There was a lot of subtlety woven into this issue and hidden behind the more obvious impacts of the plot. It was well done. It added some depth to the already intense moments and even a distraction at times.

The new character introduced…well, she’s meant to be a mystery, isn’t she? And yet, the tone of everything around her is definitely telling us a story in itself. Though only time will reveal the whole story. It’ll be interesting to see how that goes.

There were several cameos in this issue, on top of everything else. It’s hard to have quick moments from established characters while also acting true to their nature. And yet, this issue did just that.


The artwork for Captain Marvel #8 was terrific. If you follow any of the social media accounts for Captain Marvel, then you probably saw all of the chatter about Carmen Carnero coming back as the lead artist. And honestly? It was worth the chatter.

Working alongside Cernero were Tamra Bonvillain (colorist) and VC’s Clayton Cowles (letterer). Together they brought us some vibrant artwork to enjoy. There were several pages and moments in particular that really caught my eye. For example, the first page is striking. The expressions on Carol’s face are perfectly summing up all of the emotions she’s been dealing with lately.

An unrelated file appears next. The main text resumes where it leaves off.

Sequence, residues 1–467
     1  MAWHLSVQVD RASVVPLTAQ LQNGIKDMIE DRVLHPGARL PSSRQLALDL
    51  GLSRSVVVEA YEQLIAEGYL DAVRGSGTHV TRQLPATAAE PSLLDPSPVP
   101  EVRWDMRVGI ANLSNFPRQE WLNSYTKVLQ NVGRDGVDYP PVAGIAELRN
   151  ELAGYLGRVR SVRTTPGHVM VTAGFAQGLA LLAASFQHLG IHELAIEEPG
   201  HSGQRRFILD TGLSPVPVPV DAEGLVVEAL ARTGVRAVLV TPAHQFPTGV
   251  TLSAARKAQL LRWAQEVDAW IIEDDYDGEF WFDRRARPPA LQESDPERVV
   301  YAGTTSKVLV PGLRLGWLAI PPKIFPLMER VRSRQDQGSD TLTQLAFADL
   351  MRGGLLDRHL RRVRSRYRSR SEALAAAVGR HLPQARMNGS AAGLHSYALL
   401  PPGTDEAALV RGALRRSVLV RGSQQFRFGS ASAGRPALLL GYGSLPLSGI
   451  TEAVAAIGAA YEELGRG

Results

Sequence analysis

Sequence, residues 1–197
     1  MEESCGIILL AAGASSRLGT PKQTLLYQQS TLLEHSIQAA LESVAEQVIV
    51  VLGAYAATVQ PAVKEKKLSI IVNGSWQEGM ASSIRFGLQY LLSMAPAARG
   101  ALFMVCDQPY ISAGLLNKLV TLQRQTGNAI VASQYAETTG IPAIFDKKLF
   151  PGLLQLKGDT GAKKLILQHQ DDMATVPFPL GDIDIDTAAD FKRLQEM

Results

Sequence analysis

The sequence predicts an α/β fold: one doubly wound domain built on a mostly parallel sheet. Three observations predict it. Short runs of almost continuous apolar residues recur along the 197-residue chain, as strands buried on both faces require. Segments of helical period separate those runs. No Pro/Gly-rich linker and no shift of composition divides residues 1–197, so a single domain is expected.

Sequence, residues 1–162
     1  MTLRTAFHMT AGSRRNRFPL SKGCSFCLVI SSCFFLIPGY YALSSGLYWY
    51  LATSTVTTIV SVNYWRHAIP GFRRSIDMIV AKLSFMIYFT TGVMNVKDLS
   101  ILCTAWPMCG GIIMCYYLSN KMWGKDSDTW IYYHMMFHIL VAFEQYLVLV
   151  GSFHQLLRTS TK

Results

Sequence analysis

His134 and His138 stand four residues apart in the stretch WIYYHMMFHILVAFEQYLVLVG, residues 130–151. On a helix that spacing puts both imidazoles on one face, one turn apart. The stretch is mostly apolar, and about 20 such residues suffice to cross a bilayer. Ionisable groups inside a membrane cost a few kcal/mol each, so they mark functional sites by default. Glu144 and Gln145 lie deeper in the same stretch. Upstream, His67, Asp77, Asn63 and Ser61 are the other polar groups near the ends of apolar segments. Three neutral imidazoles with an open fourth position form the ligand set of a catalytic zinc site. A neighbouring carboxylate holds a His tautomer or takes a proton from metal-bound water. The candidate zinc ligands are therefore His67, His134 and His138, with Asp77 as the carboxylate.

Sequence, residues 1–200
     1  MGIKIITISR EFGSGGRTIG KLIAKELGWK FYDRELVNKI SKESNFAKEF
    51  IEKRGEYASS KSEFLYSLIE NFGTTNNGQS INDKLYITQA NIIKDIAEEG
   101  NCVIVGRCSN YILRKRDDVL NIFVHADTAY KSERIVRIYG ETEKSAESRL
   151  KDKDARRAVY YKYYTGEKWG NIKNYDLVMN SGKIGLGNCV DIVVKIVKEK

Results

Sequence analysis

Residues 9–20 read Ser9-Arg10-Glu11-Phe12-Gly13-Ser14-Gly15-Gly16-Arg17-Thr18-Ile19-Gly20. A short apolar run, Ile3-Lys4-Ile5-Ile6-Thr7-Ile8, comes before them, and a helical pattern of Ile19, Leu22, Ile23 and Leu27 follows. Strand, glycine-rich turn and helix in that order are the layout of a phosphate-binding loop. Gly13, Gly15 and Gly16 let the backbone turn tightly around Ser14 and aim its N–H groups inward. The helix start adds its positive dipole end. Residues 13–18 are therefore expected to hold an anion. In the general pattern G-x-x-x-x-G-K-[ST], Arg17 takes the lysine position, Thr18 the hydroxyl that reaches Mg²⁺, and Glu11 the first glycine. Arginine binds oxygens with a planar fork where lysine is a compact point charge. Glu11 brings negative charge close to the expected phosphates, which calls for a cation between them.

And, of course, the fight scenes were fun as well, along with a nicely illustrated explosion to boot. Talk about a win-win. But seriously, I loved the art in this issue. Especially the bonus pages with Chewie, but I might be slightly biased there.


Captain Marvel #8 was an intense but interesting read. The intensity makes sense, given that it’s following War of the Realms and a strong sense of foreshadowing. It was a strong lead to a new plot – one that’ll be interesting to see where it ends up.

This review was originally written for Word of the Nerd, but has been ported over to Quirky Cat’s Fat Stacks now that the site has shut down.

Review – Blackbird Book 1: The Great Beast (Image Comics)

Blackbird Book 1: The Great Beast is One of the Most Vibrant Graphic Novels Out There

Blackbird is one of those series that’ll catch your eye and make you want to look closer. The cover art alone is striking – and attention-grabbing. Trust me, that’s how I found this series. The artwork within and the plot hold up to the expectations set by the covers.